The unpleasantness of pain encourages an organism to use any means at its disposal to disengage from the noxious stimuli that it assumes cause the pain. It may, of course, have incorrectly determined the cause. Preliminary pain can serve to indicate that an injury is imminent, such as the ache from a "soon-to-be-broken" bone. Pain may also promote the healing process as most organisms will protect an injured region from further damage in order to avoid further pain.
Despite its unpleasantness, pain remains an important part of human existence.
The study of pain has in recent years diverged into many different fields from pharmacology to psychology and neurobiology. Pain has also provided an interested take for the search for the neural correlates of consciousness, as pain has many subjective psychological aspects besides the physiological nociception.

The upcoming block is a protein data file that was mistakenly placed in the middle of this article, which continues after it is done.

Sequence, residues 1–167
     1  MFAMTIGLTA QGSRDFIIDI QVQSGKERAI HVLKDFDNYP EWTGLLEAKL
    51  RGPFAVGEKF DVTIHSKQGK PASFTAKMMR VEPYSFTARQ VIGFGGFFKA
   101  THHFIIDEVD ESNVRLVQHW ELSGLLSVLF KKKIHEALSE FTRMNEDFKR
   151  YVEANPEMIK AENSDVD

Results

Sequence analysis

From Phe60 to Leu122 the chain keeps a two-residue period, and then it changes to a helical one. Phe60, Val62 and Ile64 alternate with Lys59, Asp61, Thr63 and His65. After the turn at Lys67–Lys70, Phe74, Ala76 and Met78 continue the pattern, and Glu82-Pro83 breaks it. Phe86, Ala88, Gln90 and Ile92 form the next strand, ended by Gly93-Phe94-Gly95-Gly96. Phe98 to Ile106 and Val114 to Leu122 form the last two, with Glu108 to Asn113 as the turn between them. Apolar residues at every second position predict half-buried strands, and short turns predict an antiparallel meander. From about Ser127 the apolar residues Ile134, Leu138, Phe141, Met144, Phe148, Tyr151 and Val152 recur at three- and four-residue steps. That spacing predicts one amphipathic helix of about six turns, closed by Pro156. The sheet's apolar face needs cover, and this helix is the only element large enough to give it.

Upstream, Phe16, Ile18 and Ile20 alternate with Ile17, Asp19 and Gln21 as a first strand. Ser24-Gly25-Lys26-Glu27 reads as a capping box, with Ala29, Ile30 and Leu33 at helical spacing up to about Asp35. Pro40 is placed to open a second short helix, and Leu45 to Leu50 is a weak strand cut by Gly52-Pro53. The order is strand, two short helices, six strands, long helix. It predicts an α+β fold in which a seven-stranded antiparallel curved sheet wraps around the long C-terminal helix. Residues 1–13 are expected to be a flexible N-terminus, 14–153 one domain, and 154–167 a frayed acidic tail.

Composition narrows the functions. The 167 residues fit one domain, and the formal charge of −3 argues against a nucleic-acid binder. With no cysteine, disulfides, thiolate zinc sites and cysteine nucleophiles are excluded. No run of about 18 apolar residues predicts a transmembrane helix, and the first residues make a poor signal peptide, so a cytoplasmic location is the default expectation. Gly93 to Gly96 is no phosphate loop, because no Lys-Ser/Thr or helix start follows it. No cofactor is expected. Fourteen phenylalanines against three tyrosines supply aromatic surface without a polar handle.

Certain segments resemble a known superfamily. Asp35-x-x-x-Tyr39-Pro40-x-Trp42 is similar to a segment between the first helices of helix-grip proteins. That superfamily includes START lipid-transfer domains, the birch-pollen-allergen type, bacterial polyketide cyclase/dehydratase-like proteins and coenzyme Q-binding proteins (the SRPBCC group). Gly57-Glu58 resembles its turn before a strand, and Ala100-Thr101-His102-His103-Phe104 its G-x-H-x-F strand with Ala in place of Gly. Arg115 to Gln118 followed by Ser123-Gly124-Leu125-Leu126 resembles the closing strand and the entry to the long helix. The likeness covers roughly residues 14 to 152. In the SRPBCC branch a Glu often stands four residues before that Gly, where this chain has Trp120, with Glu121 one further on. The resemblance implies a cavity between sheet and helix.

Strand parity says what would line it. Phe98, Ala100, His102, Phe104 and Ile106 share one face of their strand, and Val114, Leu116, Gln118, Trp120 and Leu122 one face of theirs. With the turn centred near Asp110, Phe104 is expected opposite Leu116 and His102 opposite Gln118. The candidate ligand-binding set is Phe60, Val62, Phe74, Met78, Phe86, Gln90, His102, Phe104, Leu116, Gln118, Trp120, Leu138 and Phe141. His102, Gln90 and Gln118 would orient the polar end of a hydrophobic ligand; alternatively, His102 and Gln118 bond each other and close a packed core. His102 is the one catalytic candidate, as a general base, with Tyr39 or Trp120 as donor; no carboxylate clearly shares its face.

Types of pain
Acute pain is defined as short-term pain or pain with an easily identifiable cause. Acute pain is the body's warning of present damage to tissue or disease. It is often fast and sharp followed by aching pain. Acute pain is centralized in one area before becoming somewhat spread out. This type of pain responds well to medications.
Chronic pain is medically defined as pain that has lasted 6 months or longer. This constant or intermittent pain has often outlived its purpose, as it does not help the body to prevent injury. It is often more difficult to treat than acute pain. Expert care is generally necessary to treat any pain that has become chronic. When opioids are used for prolonged periods drug tolerance, chemical dependency and even psychological addiction may occur. While drug tolerance and chemical dependency are common among opioid users, psychological addiction is rare.
The experience of physiological pain can be grouped into four categories according to the source and related nociceptors (pain detecting nerves).